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Ex-PLO Spokesman Rashid Khalidi Explains Away Oct 7 Hamas Massacre in Guardian Feature

Rashid Khalidi didn’t need a 5,000-word feature in The Guardian to justify what could be succinctly summarized in a sentence: he believes Israel is a colonialist settler state that has no right to exist in…

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Rashid Khalidi didn’t need a 5,000-word feature in The Guardian to justify what could be succinctly summarized in a sentence: he believes Israel is a colonialist settler state that has no right to exist in “Palestine.” 

In “‘A new abyss’: Gaza and the hundred years’ war on Palestine” the Colombia University historian and former PLO press officer argues that the war Hamas sparked with its October 7 massacre is merely a new phase in a bigger conflict that has been waged continuously for several generations:

This is the thesis of my book The Hundred Years’ War on Palestine: that events in Palestine since 1917 resulted from a multi-stage war waged on the indigenous Palestinian population by great power patrons of the Zionist movement – a movement that was both settler colonialist and nationalist, and which aimed to replace the Palestinian people in their ancestral homeland. These powers later allied with the Israeli nation-state that grew out of that movement. Throughout this long war, the Palestinians have fiercely resisted the usurpation of their country. This framework is indispensable in explaining not only the history of the past century and more, but also the brutality that we have witnessed since 7 October.”

This paragraph of blatant historical revisionism is a template for the rest of the drawn-out piece: an exercise in distortion, omission and spin.

Whether Khalidi is prepared to acknowledge it or not, Jews are indigenous to the land that is the modern State of Israel. The Jewish people have lived in the Holy Land for millennia, and their presence has been continuous since the return from Egypt 3336 years ago marked by next week’s Passover holiday.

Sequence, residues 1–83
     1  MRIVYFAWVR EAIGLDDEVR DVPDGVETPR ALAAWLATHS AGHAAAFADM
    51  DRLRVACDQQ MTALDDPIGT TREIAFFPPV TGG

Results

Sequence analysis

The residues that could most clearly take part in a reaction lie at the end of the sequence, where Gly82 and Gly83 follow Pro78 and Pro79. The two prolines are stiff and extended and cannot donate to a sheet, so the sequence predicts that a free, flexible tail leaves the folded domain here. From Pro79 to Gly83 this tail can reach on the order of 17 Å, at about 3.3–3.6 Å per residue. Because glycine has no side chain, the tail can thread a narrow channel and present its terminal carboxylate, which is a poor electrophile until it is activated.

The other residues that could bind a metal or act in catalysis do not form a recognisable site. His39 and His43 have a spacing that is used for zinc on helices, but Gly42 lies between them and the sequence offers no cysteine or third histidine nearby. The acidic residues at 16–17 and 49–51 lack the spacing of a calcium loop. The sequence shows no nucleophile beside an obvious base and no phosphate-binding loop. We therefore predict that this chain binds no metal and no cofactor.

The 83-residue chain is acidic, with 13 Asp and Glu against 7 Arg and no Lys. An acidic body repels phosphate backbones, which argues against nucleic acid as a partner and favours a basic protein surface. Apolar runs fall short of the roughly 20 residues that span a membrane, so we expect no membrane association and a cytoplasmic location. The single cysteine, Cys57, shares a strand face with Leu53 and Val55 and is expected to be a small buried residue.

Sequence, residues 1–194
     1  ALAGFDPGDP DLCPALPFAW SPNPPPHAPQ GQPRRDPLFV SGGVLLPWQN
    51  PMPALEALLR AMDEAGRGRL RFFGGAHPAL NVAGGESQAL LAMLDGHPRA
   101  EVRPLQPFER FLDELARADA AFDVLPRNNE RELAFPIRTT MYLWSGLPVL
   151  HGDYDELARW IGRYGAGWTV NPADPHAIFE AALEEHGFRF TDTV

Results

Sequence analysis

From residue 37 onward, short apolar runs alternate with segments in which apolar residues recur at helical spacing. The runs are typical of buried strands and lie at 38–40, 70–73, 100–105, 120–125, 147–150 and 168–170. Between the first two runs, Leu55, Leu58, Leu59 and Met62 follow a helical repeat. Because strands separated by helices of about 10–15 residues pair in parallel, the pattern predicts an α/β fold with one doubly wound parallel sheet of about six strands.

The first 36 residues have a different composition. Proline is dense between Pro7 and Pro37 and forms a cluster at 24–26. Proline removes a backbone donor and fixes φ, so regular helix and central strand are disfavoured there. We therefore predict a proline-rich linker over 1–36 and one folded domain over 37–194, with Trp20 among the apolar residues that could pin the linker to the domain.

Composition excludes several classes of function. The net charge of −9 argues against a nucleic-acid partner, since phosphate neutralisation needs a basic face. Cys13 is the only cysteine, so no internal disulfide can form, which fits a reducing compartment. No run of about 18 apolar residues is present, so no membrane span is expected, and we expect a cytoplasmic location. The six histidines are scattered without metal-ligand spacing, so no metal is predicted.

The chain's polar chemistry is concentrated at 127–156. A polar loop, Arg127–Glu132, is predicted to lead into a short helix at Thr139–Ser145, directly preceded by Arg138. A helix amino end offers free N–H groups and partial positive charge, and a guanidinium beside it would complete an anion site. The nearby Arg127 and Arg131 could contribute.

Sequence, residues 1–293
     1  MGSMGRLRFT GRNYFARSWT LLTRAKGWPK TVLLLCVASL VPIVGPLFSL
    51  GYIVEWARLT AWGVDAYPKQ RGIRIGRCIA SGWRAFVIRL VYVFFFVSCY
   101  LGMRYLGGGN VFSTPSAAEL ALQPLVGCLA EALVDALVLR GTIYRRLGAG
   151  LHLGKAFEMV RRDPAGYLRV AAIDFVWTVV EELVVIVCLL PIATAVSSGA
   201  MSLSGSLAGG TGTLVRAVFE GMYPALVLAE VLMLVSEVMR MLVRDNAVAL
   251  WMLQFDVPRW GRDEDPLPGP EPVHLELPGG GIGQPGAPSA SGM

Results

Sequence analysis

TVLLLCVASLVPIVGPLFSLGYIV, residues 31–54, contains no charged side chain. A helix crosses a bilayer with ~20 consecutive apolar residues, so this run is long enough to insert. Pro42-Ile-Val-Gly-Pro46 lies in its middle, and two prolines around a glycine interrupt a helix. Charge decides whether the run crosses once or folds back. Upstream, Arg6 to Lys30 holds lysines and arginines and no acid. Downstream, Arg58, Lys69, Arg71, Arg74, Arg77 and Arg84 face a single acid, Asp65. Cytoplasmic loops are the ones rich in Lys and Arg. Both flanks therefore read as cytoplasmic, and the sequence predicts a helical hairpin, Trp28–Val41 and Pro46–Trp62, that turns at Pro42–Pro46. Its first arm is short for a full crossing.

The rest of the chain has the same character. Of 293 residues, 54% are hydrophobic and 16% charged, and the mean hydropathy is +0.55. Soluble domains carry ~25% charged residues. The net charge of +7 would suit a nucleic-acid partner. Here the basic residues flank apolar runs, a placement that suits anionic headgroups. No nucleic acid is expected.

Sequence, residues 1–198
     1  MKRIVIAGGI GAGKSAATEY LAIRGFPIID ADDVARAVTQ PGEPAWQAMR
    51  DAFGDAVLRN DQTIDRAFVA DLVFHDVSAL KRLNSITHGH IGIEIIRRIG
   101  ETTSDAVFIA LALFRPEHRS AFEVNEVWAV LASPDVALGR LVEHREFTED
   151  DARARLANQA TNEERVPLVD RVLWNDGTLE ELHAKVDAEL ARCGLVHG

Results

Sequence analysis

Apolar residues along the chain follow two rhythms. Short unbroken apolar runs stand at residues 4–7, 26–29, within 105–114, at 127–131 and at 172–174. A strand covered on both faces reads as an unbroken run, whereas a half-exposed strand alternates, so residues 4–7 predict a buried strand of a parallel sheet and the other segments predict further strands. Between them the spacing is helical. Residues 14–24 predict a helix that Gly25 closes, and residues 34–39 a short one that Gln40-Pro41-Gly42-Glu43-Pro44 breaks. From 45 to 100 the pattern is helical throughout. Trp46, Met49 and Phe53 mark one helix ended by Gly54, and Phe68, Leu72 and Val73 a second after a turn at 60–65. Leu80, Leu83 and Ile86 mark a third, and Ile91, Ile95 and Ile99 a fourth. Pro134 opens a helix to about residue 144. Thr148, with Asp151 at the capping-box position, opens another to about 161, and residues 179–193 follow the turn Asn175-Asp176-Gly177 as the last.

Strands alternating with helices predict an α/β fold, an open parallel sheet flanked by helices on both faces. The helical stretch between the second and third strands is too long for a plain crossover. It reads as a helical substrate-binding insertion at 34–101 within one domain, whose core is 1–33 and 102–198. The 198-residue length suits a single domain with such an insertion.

The dismissal of Zionism as a colonialist movement that is shaped by its intention to subjugate and displace native Palestinians is risible. Indeed, comparing the push by early Zionist leaders for Jews to return to their historical homeland is the antithesis of European settler colonial projects of that time.

However, Khalidi’s historical revisionism is not simply a way to deny that Jews have any right to Israel; it is also how he tacitly defends “Palestinians [who] have fiercely resisted the usurpation of their country”—in other words, terrorism.

While he acknowledges some of the “gruesome” events of October 7, we are left to assume that “resistance” is how he views the Hamas attack and indeed all Palestinian terrorism — both the result of and defense against a colonialist project.

Israel’s war against Hamas is not, for the likes of Khalidi, a war against a genocidal terrorist organization that is sworn to Israel’s destruction. Rather, it is the “product of the violent European settler-colonial methods employed by Zionism to ‘transform Palestine into the land of Israel…’”

Naturally, Khalidi pays little regard to salient details, such as Israel’s disengagement from the Gaza Strip nearly two decades ago. If such facts were mentioned, his ludicrous assertion that Hamas’ “philosophy of armed resistance is unlikely to disappear as long as there is no prospect of an end to military occupation, colonisation and oppression of the Palestinian people…”

The fact is that Hamas’s so-called “armed resistance” policy has never been about “military occupation” or anything else—according to their own charter, it is about killing Jews. This aim is not limited to Jews in Israel but extends to Jews everywhere.

Much of Khalidi’s feature is dedicated to his subversion of Zionism and his excusing of “Palestinian resistance.”

Of course, Khalidi never goes into that much detail about what Palestinian “armed resistance” has looked like in the past, such as the Second Intifada, which consisted of public suicide bombings and random stabbing attacks on civilians.

Instead, it is easier for Khalidi to adhere to his simpler narrative—one of “colonizer and colonized, oppressor and oppressed…” In this rigid and distorted view of the conflict, Khalidi and all other Palestinians are cast as perpetual victims in a world where there is a “vast imbalance in favor of Zionism and Israel.”

Crucially, in this world, Palestinians never have to take responsibility for their actions. Khalidi doesn’t need to address the multitude of peace deals the Palestinians have rejected, choosing instead to wage a bloody war against Israel. He can overlook the decades of Palestinian leadership that has selfishly chosen to spend money on rockets rather than on civilian infrastructure, and he can pretend the antisemitism that manifestly permeates Palestinian and Arab society is nonexistent.

Khalidi ends the feature by railing against the notion of the two-state solution, which he says “has always been a meaningless, cruel Orwellian hoax” without the implementation of a raft of measures for Israel to stick to.

There are no demands made of the Palestinians — he makes no such direct calls for Hamas and other Palestinian terrorist groups to stop their attacks on civilians and to stop firing rockets at Israel.

Khalidi may be right that Palestinians are on the edge of the “abyss.” However, what he is missing is that it is one of their own making.

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